Therefore, my moral and financial support continues to come solely through the generosity of a few individuals. And the situation isn’t getting any easier.
I continue to work out of a small (and rather cluttered) office in Guildford—cluttered because I struggle to find the time and motivation to finish the task of going through everything, to get rid of as much as I possibly can, archiving what must be kept. A substantial library of 2000+ books, 500 + cassette tapes & CD’s of talks given, hundreds of files, plus office equipment, all built up over 25 years, is certainly not something one could house at home. Besides, it would not be appropriate to see clients at home with a ministry of this kind. But, continue to sort this all out I must, because with support dwindling month by month, I may soon have little choice but to move out of the office to save the cost of renting. If this is the case, then I shall just have to put much of the stuff into store somewhere, and work from home doing phone calls, e-mails etc. Then I shall go back to meeting people in cafes/restaurants etc., as I’ve done before in years gone by. God may have some other provision in mind, but I need to be prepared.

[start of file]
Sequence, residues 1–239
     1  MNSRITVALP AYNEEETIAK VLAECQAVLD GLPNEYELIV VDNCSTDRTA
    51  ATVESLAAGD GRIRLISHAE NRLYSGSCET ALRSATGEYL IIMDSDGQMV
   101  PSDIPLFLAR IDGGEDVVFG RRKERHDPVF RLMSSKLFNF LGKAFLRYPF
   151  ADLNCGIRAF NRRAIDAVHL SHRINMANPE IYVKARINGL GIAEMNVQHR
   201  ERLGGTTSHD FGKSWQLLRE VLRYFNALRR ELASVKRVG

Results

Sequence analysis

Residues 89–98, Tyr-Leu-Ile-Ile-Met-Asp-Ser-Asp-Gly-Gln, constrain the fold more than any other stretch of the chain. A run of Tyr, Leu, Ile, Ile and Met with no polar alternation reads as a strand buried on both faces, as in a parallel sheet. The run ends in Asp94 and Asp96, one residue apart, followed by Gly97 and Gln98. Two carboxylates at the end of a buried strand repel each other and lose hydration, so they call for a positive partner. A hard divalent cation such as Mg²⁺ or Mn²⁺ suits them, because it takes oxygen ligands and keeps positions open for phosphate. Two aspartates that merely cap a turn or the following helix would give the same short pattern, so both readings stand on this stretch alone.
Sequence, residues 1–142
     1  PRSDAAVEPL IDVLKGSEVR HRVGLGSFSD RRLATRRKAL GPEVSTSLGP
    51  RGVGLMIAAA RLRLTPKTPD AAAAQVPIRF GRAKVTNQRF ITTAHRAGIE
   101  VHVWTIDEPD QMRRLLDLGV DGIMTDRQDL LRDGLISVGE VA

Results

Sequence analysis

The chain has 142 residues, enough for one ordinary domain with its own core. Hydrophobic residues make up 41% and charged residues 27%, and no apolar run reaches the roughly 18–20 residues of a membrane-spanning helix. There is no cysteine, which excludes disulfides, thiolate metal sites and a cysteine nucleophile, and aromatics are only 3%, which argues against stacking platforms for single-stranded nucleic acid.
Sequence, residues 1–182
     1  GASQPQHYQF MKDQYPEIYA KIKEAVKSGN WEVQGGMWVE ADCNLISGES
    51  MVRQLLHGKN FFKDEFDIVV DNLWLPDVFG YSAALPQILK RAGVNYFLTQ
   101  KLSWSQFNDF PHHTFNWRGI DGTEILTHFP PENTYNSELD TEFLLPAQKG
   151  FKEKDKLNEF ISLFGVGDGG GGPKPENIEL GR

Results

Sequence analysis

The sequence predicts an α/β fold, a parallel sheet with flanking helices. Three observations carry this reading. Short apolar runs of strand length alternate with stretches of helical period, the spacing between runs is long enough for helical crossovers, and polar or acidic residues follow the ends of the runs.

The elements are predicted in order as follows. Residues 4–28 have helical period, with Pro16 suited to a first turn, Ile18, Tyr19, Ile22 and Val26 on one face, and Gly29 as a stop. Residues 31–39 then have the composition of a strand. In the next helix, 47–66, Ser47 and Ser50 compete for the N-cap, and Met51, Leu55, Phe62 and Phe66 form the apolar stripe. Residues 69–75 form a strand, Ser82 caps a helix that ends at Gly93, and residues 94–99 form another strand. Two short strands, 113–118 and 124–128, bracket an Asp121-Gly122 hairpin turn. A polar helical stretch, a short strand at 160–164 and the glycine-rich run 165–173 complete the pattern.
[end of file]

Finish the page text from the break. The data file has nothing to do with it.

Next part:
The Five-Year Plan?
For those who like to ask the sort of question, “Where do you want to be in 5 years time?” Or, “What do you want to be doing? What are your goals?”, I have to say at the moment that I do not know. The Holy Spirit has never worked in that way with me. Indeed I seldom feel I know with any great confidence what God might want me to be doing next month! All my life, whether working as a professional photographer having to cope with the uncertainties of British weather conditions, as I did 25 years ago, or living and working by faith in a full-time Christian ministry with no financial certainties, I have had to learn to be extremely flexible. I do know, however, that after 25 years in this somewhat rarefied kind of ministry, I need some time and space to wind down and, without wanting to sound negative, “detox” somewhat from the specific focus of ministry to gay Christian people in a hostile church scenario. And during that time, I think that sorting out all the office stuff (as and when I can find the time to do it) will be a cathartic part of the process, hopefully. My work in preparation for speaking at the forthcoming Evangelical Fellowship conference in April may well help with the process also . . .